As a major federal land management agency, the National Wildlife Refuge System can play an important role in the conservation of insects and pollinators. National Wildlife Refuges are unique in their “wildlife first” mission, so it is appropriate that the Refuge System take a lead in conserving pollinating species large and small.
Insects are an important but often overlooked animal on refuge landscapes. They are an integral and very important part of terrestrial plant communities. Insects initiate decay in dead and weakened trees which helps return nutrients to the soil. Both young and adult insects provide food for fish in refuge wetlands, creeks and rivers. Insects provide food directly to an assortment of mammals and birds. On CMR both Big Sage-grouse and Sharp-tailed Grouse hens depend on protein rich insects for food during nesting. Young grouse almost exclusively feed on insects during and up to their first 10 weeks of life. Many small mammals rely on insects as well as plants for food. These small mammals in turn become food for larger mammals and birds.
Insects also provide food indirectly by pollinating flowering plants. Insect pollinated plants not only provide food for wildlife but also for humans. Pollinating insects are indicator species which means that the health of their populations provides a key to the health of the ecosystem. When pollinators decline or are lost completely, plants may continue to look normal and flower. Meanwhile these plants are not reproducing and producing important food for seed and plant eating animals. The entire ecosystem is in decline.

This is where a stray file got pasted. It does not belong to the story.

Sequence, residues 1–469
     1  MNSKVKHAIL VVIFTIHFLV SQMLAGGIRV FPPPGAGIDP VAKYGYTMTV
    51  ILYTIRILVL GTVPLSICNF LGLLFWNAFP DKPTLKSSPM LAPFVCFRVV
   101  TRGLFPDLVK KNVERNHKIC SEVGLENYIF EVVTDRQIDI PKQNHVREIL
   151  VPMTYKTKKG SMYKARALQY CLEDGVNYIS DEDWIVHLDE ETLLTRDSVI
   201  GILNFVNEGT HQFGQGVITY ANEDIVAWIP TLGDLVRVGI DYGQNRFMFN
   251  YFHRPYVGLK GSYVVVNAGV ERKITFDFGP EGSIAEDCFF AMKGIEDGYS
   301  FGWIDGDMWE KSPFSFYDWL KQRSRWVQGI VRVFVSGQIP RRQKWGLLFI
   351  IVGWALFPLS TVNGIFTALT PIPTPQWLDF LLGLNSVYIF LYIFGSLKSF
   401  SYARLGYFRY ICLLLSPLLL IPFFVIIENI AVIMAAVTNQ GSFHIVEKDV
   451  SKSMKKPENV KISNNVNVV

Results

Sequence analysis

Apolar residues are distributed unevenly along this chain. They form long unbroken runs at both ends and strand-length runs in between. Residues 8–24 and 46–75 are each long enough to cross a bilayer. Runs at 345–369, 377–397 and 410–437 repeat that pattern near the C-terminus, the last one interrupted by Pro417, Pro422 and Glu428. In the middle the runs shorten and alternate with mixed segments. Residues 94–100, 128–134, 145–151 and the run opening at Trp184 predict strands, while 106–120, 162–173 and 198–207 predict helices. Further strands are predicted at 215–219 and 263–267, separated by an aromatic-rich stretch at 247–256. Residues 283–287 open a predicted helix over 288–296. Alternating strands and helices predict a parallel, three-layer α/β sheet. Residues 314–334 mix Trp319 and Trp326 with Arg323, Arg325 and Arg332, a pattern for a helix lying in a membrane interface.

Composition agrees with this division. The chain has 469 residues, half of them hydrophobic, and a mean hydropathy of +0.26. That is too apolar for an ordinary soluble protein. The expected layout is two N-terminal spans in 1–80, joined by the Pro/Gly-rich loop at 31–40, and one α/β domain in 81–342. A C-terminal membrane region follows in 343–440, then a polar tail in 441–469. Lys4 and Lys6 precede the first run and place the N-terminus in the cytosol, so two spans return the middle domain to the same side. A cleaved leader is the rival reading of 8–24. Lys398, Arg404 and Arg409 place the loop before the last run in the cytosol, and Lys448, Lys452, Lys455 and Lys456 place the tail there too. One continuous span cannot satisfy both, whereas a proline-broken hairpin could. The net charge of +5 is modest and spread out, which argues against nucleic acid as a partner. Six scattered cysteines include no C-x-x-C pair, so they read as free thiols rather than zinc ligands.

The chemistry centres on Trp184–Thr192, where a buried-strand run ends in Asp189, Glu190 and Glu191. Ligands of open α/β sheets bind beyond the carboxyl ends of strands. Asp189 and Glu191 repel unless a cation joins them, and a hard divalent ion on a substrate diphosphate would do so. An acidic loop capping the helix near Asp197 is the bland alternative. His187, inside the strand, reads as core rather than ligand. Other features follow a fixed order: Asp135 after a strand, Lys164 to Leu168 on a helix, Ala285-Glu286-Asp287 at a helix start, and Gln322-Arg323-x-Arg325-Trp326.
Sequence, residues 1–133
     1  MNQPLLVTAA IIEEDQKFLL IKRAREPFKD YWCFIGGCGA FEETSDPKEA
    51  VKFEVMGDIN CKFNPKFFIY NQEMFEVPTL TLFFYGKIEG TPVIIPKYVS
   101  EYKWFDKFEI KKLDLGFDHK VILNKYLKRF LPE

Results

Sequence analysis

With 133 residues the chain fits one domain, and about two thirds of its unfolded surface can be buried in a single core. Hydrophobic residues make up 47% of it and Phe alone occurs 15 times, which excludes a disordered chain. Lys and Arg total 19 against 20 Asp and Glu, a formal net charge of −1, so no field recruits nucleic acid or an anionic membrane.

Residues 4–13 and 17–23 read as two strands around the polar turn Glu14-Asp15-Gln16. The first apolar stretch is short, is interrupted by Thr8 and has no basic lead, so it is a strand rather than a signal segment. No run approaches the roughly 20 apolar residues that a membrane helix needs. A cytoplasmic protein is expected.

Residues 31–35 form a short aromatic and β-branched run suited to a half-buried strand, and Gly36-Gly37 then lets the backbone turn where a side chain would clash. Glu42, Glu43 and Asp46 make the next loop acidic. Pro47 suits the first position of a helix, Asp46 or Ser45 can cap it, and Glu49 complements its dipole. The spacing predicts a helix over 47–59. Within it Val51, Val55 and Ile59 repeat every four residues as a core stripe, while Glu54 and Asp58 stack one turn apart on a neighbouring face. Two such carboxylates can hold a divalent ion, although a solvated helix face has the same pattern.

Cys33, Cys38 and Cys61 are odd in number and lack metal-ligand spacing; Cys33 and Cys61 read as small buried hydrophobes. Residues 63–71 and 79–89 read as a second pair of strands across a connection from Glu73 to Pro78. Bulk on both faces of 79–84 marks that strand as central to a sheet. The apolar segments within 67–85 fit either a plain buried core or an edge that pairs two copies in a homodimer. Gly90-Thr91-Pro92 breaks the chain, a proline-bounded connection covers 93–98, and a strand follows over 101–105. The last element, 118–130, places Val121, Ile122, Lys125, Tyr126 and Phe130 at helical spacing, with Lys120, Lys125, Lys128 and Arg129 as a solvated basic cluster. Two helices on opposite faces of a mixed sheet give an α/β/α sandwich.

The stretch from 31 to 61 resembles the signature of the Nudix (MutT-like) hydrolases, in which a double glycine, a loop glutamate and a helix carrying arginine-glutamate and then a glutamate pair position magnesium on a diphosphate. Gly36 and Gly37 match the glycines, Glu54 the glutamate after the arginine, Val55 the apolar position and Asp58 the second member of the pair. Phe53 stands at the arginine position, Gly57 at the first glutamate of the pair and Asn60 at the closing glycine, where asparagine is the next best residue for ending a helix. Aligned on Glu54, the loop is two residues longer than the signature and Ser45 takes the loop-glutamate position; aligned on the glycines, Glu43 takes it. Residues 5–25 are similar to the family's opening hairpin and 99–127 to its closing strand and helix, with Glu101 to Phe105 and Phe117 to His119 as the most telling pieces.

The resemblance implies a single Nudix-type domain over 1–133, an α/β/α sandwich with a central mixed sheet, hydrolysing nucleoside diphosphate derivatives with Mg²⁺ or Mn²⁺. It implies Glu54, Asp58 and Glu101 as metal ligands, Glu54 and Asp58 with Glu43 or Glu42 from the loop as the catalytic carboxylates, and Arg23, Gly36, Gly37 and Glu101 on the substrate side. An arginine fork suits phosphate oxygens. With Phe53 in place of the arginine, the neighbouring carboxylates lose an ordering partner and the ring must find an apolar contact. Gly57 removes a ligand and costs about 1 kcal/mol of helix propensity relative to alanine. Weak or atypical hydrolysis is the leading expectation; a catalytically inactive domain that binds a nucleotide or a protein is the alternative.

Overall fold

A recent study of wild pollinators found that worldwide insect pollinator populations are declining. Habitat loss, fragmentation and degradation, disease and misuse of pesticides are probable causes of these declines. The U.S. Fish and Wildlife Service and the Charles M. Russell NWR take insect pollinator conservation seriously.
Currently, very little is known about insect life on Charles M. Russell NWR. As of yet, insect inventories have not been initiated. The Montana Natural Heritage Program Insect Field Guide is a great place to start to find out more about insects in Montana.
Other insect and pollinator resources:
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The refuge was named in recognition of this colorful western artist who often portrayed the refuge’s landscape in his paintings and whose conservation ethic was years ahead of his time.